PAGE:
“Costs have been rising for the last five years and continue to rise,” she said. “For instance, this year, health insurance, workers compensation, pension, and other benefit costs are up as are expenses for transportation and other contracts.”
NJ Transit’s total budget, which also includes federal funding, advertising revenues, and other monies, is just over $2 billion for the current fiscal year. [ Labor costs make up 58 percent of spending. The $1.17 billion budgeted for salaries and wages in fiscal 2015 represents an increase of more than 4 percent from last year and 13 percent from five years ago.
Projections for fiscal 2016 are not yet available, but labor costs could spike if NJ Transit finally starts signing new union agreements. Snyder said contracts with the agency’s 20 unions have all expired, including police and union contracts that ran out in 2010 and rail contracts that expired in 2011. New agreements could include tens of millions of dollars in retroactive raises.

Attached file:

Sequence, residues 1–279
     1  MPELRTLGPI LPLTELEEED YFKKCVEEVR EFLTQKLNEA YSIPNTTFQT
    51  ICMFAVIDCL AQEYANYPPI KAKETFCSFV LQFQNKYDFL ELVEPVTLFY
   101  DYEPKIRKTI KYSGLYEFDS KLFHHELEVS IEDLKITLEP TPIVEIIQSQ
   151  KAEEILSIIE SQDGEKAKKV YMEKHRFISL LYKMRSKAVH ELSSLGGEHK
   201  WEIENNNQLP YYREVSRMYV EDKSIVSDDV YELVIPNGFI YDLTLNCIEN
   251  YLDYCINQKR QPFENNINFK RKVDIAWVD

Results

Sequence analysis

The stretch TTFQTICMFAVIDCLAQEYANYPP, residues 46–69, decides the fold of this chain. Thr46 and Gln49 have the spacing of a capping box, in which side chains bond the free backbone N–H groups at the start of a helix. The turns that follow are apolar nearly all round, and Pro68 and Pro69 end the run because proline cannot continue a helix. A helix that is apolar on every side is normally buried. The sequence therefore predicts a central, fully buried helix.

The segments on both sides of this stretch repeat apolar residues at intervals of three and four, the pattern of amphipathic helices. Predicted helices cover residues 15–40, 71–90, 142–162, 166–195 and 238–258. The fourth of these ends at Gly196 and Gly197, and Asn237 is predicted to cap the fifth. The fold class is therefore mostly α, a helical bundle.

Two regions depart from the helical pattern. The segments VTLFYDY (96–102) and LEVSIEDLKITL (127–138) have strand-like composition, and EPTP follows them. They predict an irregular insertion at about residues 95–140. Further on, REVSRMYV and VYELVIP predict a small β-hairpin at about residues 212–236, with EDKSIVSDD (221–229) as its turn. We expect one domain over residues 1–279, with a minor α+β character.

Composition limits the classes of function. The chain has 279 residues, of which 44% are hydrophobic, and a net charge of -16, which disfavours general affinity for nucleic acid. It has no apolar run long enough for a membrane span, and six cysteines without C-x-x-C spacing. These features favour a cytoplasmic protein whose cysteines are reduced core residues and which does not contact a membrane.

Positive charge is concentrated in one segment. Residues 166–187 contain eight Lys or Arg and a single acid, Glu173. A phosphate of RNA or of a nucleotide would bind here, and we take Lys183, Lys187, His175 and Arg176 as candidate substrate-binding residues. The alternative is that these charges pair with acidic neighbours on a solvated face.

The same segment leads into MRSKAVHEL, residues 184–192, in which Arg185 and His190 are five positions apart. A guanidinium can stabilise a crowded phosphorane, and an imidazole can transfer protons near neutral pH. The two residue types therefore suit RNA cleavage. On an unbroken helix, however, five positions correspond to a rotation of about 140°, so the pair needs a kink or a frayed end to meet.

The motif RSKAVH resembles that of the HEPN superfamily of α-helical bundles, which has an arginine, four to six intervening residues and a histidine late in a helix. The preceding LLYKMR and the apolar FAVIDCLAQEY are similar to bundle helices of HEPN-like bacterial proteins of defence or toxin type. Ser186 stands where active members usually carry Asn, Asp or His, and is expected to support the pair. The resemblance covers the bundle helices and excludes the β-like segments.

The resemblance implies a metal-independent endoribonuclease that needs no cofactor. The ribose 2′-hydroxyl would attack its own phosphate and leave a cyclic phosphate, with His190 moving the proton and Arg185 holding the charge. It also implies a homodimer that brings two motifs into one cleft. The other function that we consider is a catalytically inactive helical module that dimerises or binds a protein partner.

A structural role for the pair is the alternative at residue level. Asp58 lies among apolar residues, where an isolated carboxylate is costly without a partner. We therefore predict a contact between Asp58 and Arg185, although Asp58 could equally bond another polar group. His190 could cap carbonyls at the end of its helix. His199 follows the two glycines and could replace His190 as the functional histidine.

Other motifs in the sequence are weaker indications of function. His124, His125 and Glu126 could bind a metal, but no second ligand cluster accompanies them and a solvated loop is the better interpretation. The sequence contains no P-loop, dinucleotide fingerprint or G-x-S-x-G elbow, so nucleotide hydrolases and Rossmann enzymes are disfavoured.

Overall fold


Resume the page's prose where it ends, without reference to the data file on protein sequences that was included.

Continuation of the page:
The higher expenses also include $147,400 a year for the new position of chief of policy and strategic planning. The job was recently created] for Michael Drewniak, Christie’s departing spokesman, and will bring him a nearly $14,000 increase from his current salary.
The governor’s proposed budget would actually boost the state’s total contribution to NJ Transit to $390 million, representing a $22 million increase. Most of that would come from a jump in Clean Energy funding from $33 million to $62 million. The state’s main subsidy from tax revenues would drop from $40 million to $33 million, a far cry from the $285 million allotted in 2012 and the peak subsidy of $348 million in 2009.
A downward spiral
It’s not clear where NJ Transit will target the service adjustments that will accompany fare increases, though they could include cuts to the Atlantic City train line, which has seen reduced demand, according to Lester Wolff, a director at the nonprofit New Jersey Association of Railroad Passengers.